I watched as my niece and another little girl about her age took turns going down the faded yellow slide.
The five-year-olds had only just met on the playground on our vacation in Ooty. But when my niece went up to her mom, she introduced her playmate and joyfully announced, “She's my new friend!”
Their friendship was easy and un-self-conscious. They were both five years old, they were both girls, and they both liked slides. That’s all it took. There were no loaded questions or fears at the back of their minds as they held hands and ran around the playground.
But that’s not how adult friendships work, do they?
Making friends in your 30’s or 40’s is a lot more 'nuanced' (that may be a euphemism for complicated). We don’t want to risk being too vulnerable or too real or too needy because we’ve been there and done that—and have the battle scars to prove it. We’ve grown 'wiser' about making friends (that may be a euphemism for cautious).
But, as much as we may have been hurt by previous friendships, as much as we may have kept friends at an arm’s length, as much as we may build walls so we don’t feel let down again, there is still a deep ache for connection. After two years of living in semi-isolation due to the pandemic, many of us feel more alone than ever—but the sad part is most of us don’t want to admit it or reach out to others.
Why do we struggle with building close friendships?
The auto-response is: I don’t have the time. I’m too busy.
Busy is our default excuse. But often busy is a cover for fear.
We fear being suddenly iced out because what if they decide they’re done with the friendship? We fear being inconvenienced because what if they constantly 'infringe' on our time? We fear appearing too needy because what if they find us too much? We fear being used because what if they only want you to fill a short-term gap in their lives? We fear appearing too vulnerable because what if they trample on our past hurts?
But could it be that the enemy is keeping us trapped in 'what ifs?' so we don’t venture into the fulness of friendships that God has wired us for? Could it be that the father of lies has duped us into thinking that 'online' friends are enough and that 'real' friends are not worth the work?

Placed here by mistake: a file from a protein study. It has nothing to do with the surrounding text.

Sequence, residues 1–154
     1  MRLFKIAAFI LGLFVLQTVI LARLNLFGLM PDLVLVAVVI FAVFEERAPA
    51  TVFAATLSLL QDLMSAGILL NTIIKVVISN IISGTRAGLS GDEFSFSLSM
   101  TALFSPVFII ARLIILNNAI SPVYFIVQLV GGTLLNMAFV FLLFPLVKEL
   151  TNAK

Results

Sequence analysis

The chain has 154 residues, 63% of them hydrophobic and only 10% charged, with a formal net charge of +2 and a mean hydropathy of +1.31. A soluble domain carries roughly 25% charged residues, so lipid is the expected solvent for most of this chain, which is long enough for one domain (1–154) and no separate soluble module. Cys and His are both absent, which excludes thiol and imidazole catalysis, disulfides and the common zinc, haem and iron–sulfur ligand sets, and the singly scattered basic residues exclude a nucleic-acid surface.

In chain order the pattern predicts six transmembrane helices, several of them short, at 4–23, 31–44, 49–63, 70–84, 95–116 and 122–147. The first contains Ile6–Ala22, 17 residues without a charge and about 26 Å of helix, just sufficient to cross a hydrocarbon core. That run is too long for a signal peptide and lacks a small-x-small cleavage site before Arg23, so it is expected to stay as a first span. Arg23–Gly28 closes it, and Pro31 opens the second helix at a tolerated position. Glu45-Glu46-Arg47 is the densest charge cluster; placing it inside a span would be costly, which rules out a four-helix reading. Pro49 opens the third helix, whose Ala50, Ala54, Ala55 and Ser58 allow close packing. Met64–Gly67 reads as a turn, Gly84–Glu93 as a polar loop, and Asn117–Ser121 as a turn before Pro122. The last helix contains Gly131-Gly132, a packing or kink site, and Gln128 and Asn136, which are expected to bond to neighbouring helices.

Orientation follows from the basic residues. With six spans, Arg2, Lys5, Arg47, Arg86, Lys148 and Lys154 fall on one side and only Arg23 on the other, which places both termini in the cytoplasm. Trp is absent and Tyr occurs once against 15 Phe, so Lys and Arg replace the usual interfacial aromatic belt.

I’m not advocating that we should go out and make our social lives way more happening than before. In fact, Scripture warns us that 'a man of many companions may come to ruin', but then it goes on to say, 'but there is a friend who sticks closer than a brother' (Proverbs 18: 24).
I think, especially as women, we long for that sisterhood with close friends. So, what can we do to foster that type of friendship?
I believe that to make a friend you have to first be a friend.
The Bible says that 'A friend loves at all times' (Proverbs 17: 17).
At all times.
That means, even at times when there is a risk of being rejected, or inconvenienced, or used, or any of the other permutations and combinations that we conjure up in our minds, we are called to love our friends.
We have the perfect model of friendship in Jesus. Jesus risked deep friendships by reaching out.
He called out to Zacchaeus who was spying on Him from a tree.
He called out to Matthew who was sitting in a booth collecting exorbitant taxes.
He called out to Simon Peter and Andrew who were busy casting their nets in the sea.
And He called out to Judas even though He knew that betrayal lay ahead.
Jesus made Himself vulnerable to people who were on the outside, people who were nothing like Him, people who were busy doing their own thing, even people who He knew would reject, disown, and betray Him. He risked reaching out to them and initiating a friendship with them. Jesus could have easily accomplished all that He did without including a bunch of friends on His mission. But He didn't. By surrounding Himself with His closest friends, was Jesus driving home a lesson for us today?
I’m not a big risk-taker in life. You won't find me bungee jumping or sky diving any time soon. But you know what I can do? I can take a lesson from a 5-year-old and go down a faded yellow slide into a deeper friendship with someone. There’s one risk I believe is always worth taking: being a friend so you can make a friend.